Amy Trussell lives in California. She is a regular contributor to TCR.
Eyes Beyond The Wind
It says here that men are thirteen times more likely
to get struck by lightning than women.
You can wear a metal hair claw and that might
bring you up to speed with the males.
You can be fingering a hinge be-
tween this world and the next and it might turn out
to be a great vehicle for dying.
Or rush to a doorframe with no reference points
as an earthquake makes waves in
terra firma and still spin off if a tornado
dislodged it all instead.
“Stable” is only a word with a roof that can collapse
off with a snake sidewinding out of the initial story.
They put a gag order on the weather forecasters not
to say “global warming”.
With the movie soundtrack from
“The Decline And Fall of Western Civillization”
playing on the stereo,
we sit in the car, eyes pressed beyond the wind-
shield with spacecraft X,
Musk’s rocket, shooting through the coastal sky
from Santa Barbara, not knowing what it is yet.
The rip in the sky is alien-exciting, weird
frequencies skirting the earth.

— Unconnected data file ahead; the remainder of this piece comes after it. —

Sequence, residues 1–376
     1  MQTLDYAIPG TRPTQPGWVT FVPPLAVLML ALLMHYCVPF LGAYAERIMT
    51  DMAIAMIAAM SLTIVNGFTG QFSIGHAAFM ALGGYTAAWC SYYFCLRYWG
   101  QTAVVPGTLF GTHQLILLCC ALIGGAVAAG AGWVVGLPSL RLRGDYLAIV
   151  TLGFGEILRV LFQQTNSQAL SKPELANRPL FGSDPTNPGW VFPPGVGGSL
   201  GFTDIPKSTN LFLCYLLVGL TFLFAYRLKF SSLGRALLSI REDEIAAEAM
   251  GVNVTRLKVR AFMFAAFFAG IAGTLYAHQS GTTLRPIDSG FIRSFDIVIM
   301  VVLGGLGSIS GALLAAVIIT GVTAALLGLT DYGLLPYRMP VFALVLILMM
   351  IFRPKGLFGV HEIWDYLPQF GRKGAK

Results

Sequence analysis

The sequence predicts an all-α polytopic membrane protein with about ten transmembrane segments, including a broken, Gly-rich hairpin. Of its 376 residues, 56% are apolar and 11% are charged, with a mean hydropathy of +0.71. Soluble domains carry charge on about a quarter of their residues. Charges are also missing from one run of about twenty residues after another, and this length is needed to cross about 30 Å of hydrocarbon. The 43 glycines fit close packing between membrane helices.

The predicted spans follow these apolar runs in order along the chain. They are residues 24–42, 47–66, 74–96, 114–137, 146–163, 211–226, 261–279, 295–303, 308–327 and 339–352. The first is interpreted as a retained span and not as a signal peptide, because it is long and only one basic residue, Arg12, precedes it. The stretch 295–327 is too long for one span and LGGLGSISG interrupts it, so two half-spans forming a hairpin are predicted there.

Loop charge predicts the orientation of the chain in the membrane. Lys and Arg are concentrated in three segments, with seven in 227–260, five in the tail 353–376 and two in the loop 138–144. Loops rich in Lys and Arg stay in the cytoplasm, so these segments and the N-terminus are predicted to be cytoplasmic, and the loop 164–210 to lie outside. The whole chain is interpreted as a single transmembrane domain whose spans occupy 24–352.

It seems sacrelige to forage for meteorites
with metal detectors, or entertain other hobbies,
while a hurricane is approaching landfall in Florida
And my friend there, almost native, is ready to
strip down to nothing,
face the wave crash singing
while a smoking cigarette dangles from his lips
Its not mine, what visited me
in hypnagogic reverie on
the Dine` reservation.
In a pitched tent there is only a thin
fabric between you and the elementals.
There the wind is pumping
through the stars, the ears, and
everything in between.
It’s not the resonant lonely song
of the coyotes,
or someone walking by your
tent in another language,
after the big fire has burned low.
Its not Violet or one of the other women
weaving, tamping down the weft,
a sure and certain whisper that anchors
what’s left of wisdom to the red earth
where some placentas were buried
and the Sundance tree was raised up.
Not the communal drum,
that pumping outward heart.
It’s the wind-singers,
a kind of ghost spirit
that someone told me about,
after it happened.
© Amy Trussell.